Apps & Software

Building Serverless Applications with Azure Functions and .NET Solutions

Building Serverless Applications with Azure Functions and .NET Solutions

Serverless computing is a cloud execution model that enables developers to build and run applications and services without thinking about servers. With serverless, applications don’t rely on keeping servers running — the cloud provider dynamically manages the allocation and provisioning of servers. This allows developers to focus on coding business logic rather than server management.

Microsoft Azure Functions is a serverless compute service for building and hosting web endpoints and background processing jobs without having to provision or manage servers. With Azure Functions, you can run code on-demand in response to events without having to explicitly provision or manage infrastructure. In this blog post, we will explore how to build serverless applications with Azure Functions using .NET solutions, including leveraging ASP.NET Development services.

What is Azure Functions?

Azure Functions allows you to run code in the cloud without deploying or managing infrastructure. With Functions, you write just the code you need for the problem at hand without worrying about managing servers. Azure manages all the infrastructure and servers for you.

Some key aspects and benefits of Azure Functions:

  • Event-driven: Functions are triggered by events from many Azure and third party services. These include HTTP requests, timers, queues, serverless APIs and more. You can have code run in response to these events.
  • Scales automatically: Azure manages and scales functions automatically based on incoming request rate and processing load. You don’t have to provision and scale servers manually.
  • Pay-per-execution: You only pay for the compute resources required to run your code. There are no idle charges when your functions are not running.
  • Multiple languages: Functions supports C#, JavaScript, Python, PowerShell, Java and more. You can develop functions in your preferred language.
  • Serverless experience: With Functions, you focus on writing code and let Azure handle all the server provisioning, configuration and management. You get a true serverless experience.

Developing .NET Functions locally

To develop .NET functions locally, you need the Azure Functions Core Tools which is a command line interface for developing, testing and deploying Azure Functions both locally and to Azure.

To set up the development environment:

  1. Install .NET Core SDK latest version
  2. Install Azure Functions Core Tools using dotnet tool install -g Microsoft.Azure.WebJobs.Script.WebHost
  3. Create a directory for the functions app project and run func init
  4. This will scaffold out a sample functions project with a function template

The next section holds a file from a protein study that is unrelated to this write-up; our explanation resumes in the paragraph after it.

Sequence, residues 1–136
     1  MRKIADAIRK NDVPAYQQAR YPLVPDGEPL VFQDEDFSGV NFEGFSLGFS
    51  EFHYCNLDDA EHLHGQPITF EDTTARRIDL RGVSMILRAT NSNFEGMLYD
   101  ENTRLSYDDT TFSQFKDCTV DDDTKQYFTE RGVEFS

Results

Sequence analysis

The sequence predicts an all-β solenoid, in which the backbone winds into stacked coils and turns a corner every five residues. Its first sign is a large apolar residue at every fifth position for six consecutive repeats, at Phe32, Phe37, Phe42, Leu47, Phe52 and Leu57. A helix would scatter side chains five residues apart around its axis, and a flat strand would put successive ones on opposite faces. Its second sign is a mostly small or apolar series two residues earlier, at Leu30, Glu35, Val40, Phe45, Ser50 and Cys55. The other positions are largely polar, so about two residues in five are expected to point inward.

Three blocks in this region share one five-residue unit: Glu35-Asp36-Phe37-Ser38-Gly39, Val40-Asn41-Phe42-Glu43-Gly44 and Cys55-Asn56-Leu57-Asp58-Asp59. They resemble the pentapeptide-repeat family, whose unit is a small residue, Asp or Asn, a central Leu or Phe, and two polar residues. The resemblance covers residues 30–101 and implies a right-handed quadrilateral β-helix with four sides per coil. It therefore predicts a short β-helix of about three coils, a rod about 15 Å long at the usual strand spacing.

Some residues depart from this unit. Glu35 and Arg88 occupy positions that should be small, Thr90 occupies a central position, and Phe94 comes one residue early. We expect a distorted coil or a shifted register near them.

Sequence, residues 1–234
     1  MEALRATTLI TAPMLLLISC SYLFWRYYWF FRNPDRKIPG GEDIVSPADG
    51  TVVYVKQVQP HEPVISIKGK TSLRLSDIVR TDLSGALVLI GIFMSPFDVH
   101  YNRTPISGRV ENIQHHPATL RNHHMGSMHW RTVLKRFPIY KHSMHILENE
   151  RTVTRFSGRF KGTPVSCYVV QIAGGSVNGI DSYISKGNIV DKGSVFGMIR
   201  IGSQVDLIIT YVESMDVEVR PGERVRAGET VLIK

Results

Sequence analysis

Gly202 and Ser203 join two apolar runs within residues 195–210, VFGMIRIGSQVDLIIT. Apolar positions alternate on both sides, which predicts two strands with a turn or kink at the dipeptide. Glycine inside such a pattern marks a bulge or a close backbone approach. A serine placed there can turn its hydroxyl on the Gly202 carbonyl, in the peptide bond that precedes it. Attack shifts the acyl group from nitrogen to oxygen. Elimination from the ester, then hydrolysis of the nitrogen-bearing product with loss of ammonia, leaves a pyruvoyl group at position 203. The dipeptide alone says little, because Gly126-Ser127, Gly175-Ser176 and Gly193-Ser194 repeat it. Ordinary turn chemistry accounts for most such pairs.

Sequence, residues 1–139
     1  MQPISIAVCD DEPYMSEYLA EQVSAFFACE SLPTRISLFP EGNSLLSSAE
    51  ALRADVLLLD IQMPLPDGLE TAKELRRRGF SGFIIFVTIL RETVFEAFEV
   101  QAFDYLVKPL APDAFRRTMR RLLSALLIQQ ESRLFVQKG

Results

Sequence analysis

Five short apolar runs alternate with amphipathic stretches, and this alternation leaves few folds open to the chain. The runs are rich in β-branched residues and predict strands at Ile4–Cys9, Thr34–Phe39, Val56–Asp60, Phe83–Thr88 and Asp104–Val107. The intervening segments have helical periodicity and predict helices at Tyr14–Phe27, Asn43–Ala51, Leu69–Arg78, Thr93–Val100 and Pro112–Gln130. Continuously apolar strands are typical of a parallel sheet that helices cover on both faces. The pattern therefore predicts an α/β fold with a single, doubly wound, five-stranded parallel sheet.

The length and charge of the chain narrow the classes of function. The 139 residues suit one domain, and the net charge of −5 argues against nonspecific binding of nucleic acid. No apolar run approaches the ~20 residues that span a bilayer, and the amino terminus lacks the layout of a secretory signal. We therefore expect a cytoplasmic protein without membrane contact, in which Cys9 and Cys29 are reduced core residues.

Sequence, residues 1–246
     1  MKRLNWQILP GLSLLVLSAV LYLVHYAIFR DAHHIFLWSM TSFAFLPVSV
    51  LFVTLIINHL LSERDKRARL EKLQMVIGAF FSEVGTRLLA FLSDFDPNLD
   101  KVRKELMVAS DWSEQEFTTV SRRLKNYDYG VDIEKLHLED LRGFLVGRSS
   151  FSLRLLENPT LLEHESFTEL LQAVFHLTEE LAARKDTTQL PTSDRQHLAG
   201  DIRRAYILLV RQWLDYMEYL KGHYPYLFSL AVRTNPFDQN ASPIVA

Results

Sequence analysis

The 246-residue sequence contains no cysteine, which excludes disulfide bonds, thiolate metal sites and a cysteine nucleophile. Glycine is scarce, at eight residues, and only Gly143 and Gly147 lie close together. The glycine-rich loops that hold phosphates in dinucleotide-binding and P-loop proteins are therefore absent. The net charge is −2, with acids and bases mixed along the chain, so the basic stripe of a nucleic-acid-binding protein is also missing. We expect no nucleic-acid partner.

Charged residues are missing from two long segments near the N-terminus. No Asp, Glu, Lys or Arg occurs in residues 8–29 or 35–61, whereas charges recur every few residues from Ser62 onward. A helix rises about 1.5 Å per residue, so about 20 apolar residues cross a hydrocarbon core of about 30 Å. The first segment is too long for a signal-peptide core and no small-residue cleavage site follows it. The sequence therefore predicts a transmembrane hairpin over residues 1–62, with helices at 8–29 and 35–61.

Now you can add function code, test it locally and publish to Azure using the func CLI. Add a run.csx file for a C# function triggerd by HTTP:

Source {csharp}


#r “Newtonsoft.Json”

using Microsoft.AspNetCore.Mvc;

using Microsoft.Extensions.Primitives;

using Newtonsoft.Json;

using System.Net;

using System.Threading.Tasks;

public static async Task<IActionResult> Run(HttpRequest req, ILogger log)


log.LogInformation(“C# HTTP trigger function processed a request.”);

string name = req.Query[“name”];

string requestBody = await new StreamReader(req.Body).ReadToEndAsync();

dynamic data = JsonConvert.DeserializeObject(requestBody);

name = name ?? data?.name;

return name != null

? (ActionResult)new OkObjectResult($”Hello, {name}”)

: new BadRequestObjectResult(“Please pass a name on the query string or in the request body”);


Test it locally by running func host start which starts the functions gateway on your localhost. Now you can trigger it using Postman or browser with http://localhost:7071/api/HttpExample?name=John.

Choosing Azure Functions triggers and bindings

Azure Functions support many different event sources and targets called triggers and bindings. Choosing the right triggers and bindings is important based on your use case.

Some common triggers in Functions are:

  • HTTP Trigger: For building REST APIs and web endpoints. Code is triggered by HTTP requests.
  • Timer Trigger: For scheduled jobs that run on a schedule, e.g. every 5 minutes.
  • Queue Trigger: For processing messages from storage queues.
  • Blob Trigger: For reacting to new or updated blobs in Azure Blob storage.

Bindings allow functions to interact with external data stores and services. Common bindings include:

  • Storage Queue: For outputting messages to storage queues.
  • Blob Storage: For reading from and writing to Azure Blob storage.
  • Cosmos DB: For querying and modifying documents in Azure Cosmos DB database service.
  • Service Bus: For handling messages from Azure Service Bus queues and topics.